The study was conducted by a non-profit wellness organization called Pure North S’Energy Foundation located in Calgary, Canada. They enrolled 188 middle-aged adults (ages 25-54 years) in the studies. Based on BMI measurements the participants were overweight, but not obese. They were followed for a two-year period.

Each of the participants met regularly with a health care professional who provided them with lifestyle advice. Specifically:

  • They were advised to increase fruit and vegetable intake and reduce processed foods.
  • If they had cardiovascular risk factors such as hypertension or hyperlipidemia, they were advised to go on the DASH diet.
  • They were advised to follow an exercise routine that was appropriate for their health status.

In addition, the subjects were divided into two groups:

  • Group 1 received a liquid vitamin D3 supplement consisting of 1,000 IU of vitamin D/drop. The dosage they received was individualized so that each subject received enough vitamin D to bring their blood levels of 25-hydroxy-vitamin D to an optimal level of >100 nmole/L.
  • Group 2 received the vitamin D plus 600 mg of EPA and EPA, plus a very comprehensive multivitamin. In addition to the nutrients found in most multivitamins, their formulation contained carotenoids such as lutein and lycopene, polyphenols from wine grapes, N-acetyl cysteine, coenzyme Q10 and a host of other phytonutrients.

[Note: This supplement is not commercially available. However, I would not recommend it if it were. There appears to be little scientific rationale for the amounts of some ingredients.]

In short, all the subjects were put on a holistic diet and lifestyle program ( a holistic approach to diabetes ). Groupe 2 also received what I would consider a holistic supplement. Here were the results of the study.

  • Neither group had significant weight loss or weight gain.
  • Serum 25-hydroxyvitamin D increased significantly in both groups (the vitamin D supplementation was effective).
  • HbA1c levels (a measure of blood sugar control) worsened slightly in Group 1 and improved slightly in Group 2.

However, those were average values. Individual subjects had much more significant changes in HbA1c. In fact, based on changes in HbA1c levels:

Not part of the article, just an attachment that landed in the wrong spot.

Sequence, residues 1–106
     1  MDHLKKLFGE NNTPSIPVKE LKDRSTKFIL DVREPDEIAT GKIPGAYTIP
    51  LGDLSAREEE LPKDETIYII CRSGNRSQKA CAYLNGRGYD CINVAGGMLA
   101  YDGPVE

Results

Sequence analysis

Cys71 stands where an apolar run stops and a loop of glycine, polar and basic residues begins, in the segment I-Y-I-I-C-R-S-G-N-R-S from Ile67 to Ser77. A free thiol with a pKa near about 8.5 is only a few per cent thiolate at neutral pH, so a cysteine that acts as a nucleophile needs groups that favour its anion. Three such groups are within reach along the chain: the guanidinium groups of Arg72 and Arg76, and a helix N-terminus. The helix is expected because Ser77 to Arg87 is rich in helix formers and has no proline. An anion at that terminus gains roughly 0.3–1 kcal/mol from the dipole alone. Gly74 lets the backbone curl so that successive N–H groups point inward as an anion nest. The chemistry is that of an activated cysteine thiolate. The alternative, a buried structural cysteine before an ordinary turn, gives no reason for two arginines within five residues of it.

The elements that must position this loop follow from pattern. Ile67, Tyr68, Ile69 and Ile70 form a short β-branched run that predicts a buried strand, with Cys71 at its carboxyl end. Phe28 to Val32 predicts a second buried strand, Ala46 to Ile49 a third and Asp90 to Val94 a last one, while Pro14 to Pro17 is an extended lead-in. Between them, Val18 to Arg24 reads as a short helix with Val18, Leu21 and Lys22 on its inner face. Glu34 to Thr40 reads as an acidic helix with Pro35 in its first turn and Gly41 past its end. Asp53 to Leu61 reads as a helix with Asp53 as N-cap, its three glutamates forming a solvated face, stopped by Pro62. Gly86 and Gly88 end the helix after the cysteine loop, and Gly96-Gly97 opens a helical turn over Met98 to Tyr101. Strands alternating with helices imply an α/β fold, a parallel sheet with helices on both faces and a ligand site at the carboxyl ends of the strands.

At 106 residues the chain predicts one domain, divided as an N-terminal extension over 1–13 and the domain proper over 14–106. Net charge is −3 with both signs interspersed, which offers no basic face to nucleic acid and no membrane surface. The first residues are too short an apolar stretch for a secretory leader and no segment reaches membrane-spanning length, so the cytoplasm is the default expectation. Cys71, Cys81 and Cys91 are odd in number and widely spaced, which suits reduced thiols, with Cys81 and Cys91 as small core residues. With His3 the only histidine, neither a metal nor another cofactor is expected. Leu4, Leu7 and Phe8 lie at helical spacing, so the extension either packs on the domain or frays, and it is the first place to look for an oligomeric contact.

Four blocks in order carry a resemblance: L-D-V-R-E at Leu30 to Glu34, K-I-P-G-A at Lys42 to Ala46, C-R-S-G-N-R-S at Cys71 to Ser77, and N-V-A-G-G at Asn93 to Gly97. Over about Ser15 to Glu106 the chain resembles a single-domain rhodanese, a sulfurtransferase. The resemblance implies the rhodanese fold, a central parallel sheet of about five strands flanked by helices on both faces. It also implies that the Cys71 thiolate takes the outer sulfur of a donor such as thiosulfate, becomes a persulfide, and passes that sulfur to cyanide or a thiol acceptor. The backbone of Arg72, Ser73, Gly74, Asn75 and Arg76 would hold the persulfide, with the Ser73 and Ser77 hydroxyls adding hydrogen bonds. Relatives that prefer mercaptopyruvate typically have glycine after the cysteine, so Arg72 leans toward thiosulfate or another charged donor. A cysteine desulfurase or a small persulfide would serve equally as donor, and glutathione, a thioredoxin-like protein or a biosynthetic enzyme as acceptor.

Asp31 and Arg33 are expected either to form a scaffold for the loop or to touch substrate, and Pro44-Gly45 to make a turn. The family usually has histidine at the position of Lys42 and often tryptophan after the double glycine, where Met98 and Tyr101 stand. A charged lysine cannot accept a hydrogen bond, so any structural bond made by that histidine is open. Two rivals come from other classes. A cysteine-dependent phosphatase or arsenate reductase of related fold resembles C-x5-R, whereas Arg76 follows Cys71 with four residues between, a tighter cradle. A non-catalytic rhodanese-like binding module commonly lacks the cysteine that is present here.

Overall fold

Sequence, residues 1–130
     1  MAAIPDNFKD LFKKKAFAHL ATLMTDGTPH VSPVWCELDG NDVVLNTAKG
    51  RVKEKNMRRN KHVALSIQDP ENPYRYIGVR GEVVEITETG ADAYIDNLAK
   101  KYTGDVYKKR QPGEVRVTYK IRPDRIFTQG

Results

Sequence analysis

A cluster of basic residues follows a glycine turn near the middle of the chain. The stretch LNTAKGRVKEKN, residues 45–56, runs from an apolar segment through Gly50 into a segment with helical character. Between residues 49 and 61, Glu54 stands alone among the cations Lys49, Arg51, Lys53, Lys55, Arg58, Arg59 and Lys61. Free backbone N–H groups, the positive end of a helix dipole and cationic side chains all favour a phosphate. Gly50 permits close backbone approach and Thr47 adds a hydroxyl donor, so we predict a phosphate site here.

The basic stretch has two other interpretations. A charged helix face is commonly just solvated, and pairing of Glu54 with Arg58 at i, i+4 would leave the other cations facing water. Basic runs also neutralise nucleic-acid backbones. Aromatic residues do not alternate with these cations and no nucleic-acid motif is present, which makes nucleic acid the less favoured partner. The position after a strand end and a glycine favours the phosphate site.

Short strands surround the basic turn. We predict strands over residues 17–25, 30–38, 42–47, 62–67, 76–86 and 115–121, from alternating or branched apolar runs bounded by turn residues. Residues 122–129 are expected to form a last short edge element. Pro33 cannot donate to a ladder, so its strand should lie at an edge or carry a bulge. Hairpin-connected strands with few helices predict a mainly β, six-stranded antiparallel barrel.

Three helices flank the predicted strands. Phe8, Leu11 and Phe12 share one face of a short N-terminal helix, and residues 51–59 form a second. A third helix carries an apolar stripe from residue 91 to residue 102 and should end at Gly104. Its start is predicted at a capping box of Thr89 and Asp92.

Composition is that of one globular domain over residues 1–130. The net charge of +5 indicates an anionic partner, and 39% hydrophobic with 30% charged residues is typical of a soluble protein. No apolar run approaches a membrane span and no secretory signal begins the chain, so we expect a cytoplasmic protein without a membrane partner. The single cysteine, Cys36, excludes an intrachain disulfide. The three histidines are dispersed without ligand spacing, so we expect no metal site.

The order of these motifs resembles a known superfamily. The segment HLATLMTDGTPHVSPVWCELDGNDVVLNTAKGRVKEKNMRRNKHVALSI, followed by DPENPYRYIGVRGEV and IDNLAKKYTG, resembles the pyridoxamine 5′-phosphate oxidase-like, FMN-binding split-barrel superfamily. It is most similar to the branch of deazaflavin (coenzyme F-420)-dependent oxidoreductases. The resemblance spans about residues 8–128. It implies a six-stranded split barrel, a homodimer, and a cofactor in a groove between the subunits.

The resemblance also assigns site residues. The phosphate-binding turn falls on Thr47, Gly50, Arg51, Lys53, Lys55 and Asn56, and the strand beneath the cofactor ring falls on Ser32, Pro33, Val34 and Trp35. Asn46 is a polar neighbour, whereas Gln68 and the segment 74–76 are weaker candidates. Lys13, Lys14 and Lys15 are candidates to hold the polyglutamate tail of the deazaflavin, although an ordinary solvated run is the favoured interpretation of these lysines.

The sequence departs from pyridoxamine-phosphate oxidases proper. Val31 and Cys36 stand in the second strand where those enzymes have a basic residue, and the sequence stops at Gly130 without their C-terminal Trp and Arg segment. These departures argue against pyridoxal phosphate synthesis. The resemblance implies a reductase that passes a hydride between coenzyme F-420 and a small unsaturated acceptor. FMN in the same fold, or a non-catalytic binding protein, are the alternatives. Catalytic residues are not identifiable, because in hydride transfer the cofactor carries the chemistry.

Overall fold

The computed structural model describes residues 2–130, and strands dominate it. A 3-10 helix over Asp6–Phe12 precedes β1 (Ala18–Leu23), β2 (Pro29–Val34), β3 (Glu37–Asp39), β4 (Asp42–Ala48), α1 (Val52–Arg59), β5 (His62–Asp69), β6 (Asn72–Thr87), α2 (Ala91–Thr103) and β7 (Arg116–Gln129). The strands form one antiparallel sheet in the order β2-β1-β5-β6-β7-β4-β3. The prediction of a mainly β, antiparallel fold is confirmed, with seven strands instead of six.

• 16% of Group 1 participants and only 8% of Group 2 participants progressed from normal blood sugar control to either prediabetes or diabetes.
  • 8% of Group1 participants and 44% of Group 2 participants improved from prediabetes or diabetes to normal blood sugar control.

The authors of the study concluded: “The results suggest that nutrient supplementation may provide a safe, economical, and effective means for lowering diabetes risk. Further examination of this potential via randomized controlled trials is warranted.”

 

The Role of Supplementation In Reducing Diabetes Risk

holistic approach to diabetes supplementationThis is a single study and needs to be confirmed by future studies. However, if this study is confirmed, it has some interesting implications:

  • It suggests a holistic approach to supplementation may be effective at decreasing diabetes risk.
  • The holistic approach to supplementation was coupled with a holistic diet and lifestyle change in this study. We cannot assume that supplementation alone would have been effective in reducing diabetes risk.
  • Since both Groups 1 and Group 2 included diet and lifestyle changes, we can conclude that the holistic diet and lifestyle changes in this study were not sufficient to reduce diabetes risk. Holistic supplementation was also required.
  • The reason that diet and lifestyle changes did not affect diabetes risk in this study was most likely the failure to include a weight loss component. Multiple studies have shown that weight loss reduces diabetes risk.

 

The Bottom Line:

 

A recent study looked at the effect of a holistic diet, lifestyle and supplementation intervention on diabetes risk.

All participants in the study met regularly with a health care professional who provided them with lifestyle advice. Specifically:

  • They were advised to increase fruit and vegetable intake and reduce processed foods.
  • If they had cardiovascular risk factors such as hypertension or hyperlipidemia, they were advised to go on the DASH diet.
  • They were advised to follow an exercise routine that was appropriate for their health status.

The subjects were divided into two groups:

  • Group 1 received a liquid vitamin D3 supplement consisting of 1,000 IU of vitamin D.